Cocaine Addiction Treatment Centers Sheridan WY
The Gathering Place
Services Offered: Substance abuse treatment, Detoxification, Halfway house
Residency: Residential short-term treatment (30 days or less), Residential long-term treatment (more than 30 days)
Payment Accepted: Self payment, Private health insurance, Military insurance (e.g., VA,TRICARE), Access to Recovery
Payment Assistance: Sliding fee scale (fee is based on income and other factors)
Specializing in Persons with co-occurring mental and substance abuse disorders, Persons with HIV/AIDS, Gays and Lesbians, Seniors/older adults, Pregnant/postpartum women, Women, Residential beds for clients' children, Criminal justice clients
THE EARLY 1900s
In turn-of-the-century America, there was no shortage of work to do. The Volunteers moved into tenement districts to care for people in poverty. They organized day nurseries and summer camps, provided housing for single men and women, and established the nation's first system of halfway houses for released prisoners.
The Great Depression of the 1930s stretched the nation's private social welfare system almost to the breaking point. Volunteers of America mobilized to assist the millions of people who were unemployed, hungry and homeless. Relief efforts included employment bureaus, wood yards, soup kitchens, and "Penny Pantries" where every food item cost one cent.
Volunteers of America served proudly on the home front during both world wars. The group operated canteens, overnight lodging and Sunday breakfasts for soldiers and sailors on leave. Affordable housing and child care were provided for defense industry workers. Further, Volunteers of America spearheaded community salvage drives during World War II, collecting millions of pounds of scrap metal, rubber and fiber for the war effort.
Our special mission in housing dates to our organization's founding. Volunteers of America helped accelerate real estate development during the 1960s by taking part in numerous federal housing programs. Since 1968, Volunteers of America has developed over 300 affordable housing complexes in more than 30 states..
In the 1970s, the organization emerged as a major provider of professional long-term nursing care. Today, Volunteers of America not only offers home health care and related services, but owns and operates several nursing facilities, and assisted and independent living residences.
Volunteers of America is one of the nation's largest and most comprehensive human services organizations, touching the lives of more than 2 million people each year in communities across the United States. Planning for the next 100 years, Volunteers of America will continue to prove that “there are no limits to caring.” - See more at: http://www.voanr.org/About-Us/Our-History#sthash.6hbnlYPe.dpuf
The Difference Is We Knew Better: Interview With a Cocaine Addict - Addicted
The Difference Is We Knew Better: Interview With a Cocaine Addict
Jeanne Sparks-CarrekerFriday, September 14, 2007 Ever wonder what it is like to live every second of every day with a craving for a substance which has not only destroyed your life, but which has destroyed the lives of those around you, taken away everyone's trust in you, and labeled you with a title that includes you in the same categories as the lowest members of society?
Brenda Manning of Birmingham, Alabama can relate. Her family has disowned her, the business which once held her as a top, valued employee, and which gave her employee of the month plaques three times in two years finally dismissed her. She has been evicted from the apartment she lived in with her children, and just this past November, she lost custody of her twelve year old daughter by a decision within the Family Court System of Jefferson County.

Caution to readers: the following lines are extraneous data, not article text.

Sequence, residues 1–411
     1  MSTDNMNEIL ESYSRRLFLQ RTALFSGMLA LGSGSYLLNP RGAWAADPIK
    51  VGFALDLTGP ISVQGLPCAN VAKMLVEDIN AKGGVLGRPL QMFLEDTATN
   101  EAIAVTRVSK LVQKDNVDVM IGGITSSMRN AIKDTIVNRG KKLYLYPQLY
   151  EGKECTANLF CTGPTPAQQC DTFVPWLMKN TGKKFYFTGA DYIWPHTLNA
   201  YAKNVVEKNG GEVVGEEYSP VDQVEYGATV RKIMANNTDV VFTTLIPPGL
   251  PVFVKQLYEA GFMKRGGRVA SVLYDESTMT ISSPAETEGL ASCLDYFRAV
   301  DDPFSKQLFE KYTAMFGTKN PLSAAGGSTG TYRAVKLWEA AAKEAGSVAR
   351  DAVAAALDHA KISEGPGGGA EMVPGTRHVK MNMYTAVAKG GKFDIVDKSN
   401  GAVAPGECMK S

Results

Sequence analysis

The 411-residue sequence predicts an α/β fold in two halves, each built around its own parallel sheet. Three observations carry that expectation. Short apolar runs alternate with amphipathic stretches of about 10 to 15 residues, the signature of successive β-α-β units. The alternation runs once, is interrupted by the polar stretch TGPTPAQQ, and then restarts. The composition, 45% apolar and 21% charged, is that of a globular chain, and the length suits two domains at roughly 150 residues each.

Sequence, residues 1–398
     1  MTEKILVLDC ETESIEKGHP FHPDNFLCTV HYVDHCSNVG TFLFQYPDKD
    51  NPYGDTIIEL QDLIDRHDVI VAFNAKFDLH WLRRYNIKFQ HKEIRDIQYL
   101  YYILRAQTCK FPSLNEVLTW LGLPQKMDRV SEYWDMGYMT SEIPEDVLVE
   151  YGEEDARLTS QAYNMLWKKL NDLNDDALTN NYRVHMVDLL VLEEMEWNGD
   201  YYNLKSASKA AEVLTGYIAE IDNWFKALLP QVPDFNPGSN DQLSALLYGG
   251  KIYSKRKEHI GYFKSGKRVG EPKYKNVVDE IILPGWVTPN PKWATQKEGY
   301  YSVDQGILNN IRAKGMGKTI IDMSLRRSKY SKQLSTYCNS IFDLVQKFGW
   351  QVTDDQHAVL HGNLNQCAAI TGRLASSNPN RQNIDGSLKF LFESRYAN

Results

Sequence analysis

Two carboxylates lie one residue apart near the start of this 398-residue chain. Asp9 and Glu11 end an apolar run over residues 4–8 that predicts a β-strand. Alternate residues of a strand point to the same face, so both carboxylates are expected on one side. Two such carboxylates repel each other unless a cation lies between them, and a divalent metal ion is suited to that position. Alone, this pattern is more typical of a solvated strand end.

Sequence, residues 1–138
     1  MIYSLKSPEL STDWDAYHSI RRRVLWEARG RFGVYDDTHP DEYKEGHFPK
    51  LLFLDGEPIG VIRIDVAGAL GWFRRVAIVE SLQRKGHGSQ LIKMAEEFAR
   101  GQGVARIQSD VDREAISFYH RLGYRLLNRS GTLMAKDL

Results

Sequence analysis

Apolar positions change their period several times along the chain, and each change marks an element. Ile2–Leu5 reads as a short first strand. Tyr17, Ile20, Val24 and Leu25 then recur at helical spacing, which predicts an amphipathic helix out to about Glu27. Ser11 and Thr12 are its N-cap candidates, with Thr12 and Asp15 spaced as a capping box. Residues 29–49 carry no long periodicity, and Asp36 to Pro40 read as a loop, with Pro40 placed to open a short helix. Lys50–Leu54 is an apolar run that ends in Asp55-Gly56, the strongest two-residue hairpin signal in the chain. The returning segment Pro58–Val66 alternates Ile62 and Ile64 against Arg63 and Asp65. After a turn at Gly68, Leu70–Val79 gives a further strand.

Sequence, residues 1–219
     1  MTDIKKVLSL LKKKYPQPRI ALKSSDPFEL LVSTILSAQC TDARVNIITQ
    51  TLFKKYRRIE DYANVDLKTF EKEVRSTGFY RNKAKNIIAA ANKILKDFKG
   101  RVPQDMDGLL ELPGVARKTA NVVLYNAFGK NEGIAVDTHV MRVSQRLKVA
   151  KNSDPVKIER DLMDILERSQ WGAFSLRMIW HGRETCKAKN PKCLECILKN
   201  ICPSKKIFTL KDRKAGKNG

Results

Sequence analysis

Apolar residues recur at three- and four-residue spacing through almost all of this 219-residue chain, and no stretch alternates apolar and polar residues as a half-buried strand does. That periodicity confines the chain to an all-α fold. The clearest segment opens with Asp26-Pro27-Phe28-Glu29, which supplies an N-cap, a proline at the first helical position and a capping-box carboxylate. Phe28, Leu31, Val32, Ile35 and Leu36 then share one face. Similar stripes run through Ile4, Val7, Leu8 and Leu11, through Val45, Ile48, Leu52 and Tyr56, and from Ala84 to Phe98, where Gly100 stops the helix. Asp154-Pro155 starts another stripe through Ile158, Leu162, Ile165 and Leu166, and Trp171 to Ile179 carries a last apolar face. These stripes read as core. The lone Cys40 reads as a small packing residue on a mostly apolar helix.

She now lives in a friend's home which has no power or water service because the bills have not been paid by the eight adult residents. Rather, any money accumulated has been used to purchase cocaine. Brenda is a 42 year old Caucasian female, and is noticeably restless as she sits down on the couch in the small, dirty livingroom. Our surroundings seem to lack everything, as if all the valuables and appliances that once sat in this small, old house has been used to barter another hit of cocaine.
JSC: When did you first start using drugs?
BRENDA: I started smoking pot when I was in junior high. I guess I was about twelve or thirteen. I got in with the wrong crowd, you know what I mean.
JSC: Did you finish school?
BRENDA: No, I dropped out when I was sixteen. I really stopped going when I was about fourteen. I just dodged the truancy people. They gave up after a while. Well, when we were kids, anyways.
JSC: What was your home life like back then, Brenda?
BRENDA: My mama worked a lot, I guess. I didn't know my father too good. She had too much to do and couldn't keep up with me, really. It was alright, but I didn't have anyone telling me what to do too much, so I got to do what I wanted.
JSC: When did you decide to try harder drugs?
BRENDA: I guess I was around eighteen, at a party, you know, the whole peer-pressure thing happening. I had been scared of the harder stuff, but then when I tried it, it didn't kill me. I liked it too much, too.
JSC: What drug was it that you tried at the party?
BRENDA: There were people free-basing cocaine. I knew I was hooked the first few seconds after I took a hit. It's owned me every since.
Two males had entered the livingroom from a far bedroom, and as Brenda commented on the cocaine "owning" her, they nodded in understanding, then made their way to another room to my left.
JSC: When did you have children?
BRENDA: I got pregnant with my first kid when I was twenty-two. I was workin' the streets to make money, truck stops and all. She went to live with my mother when I had her cause I didn't think I ...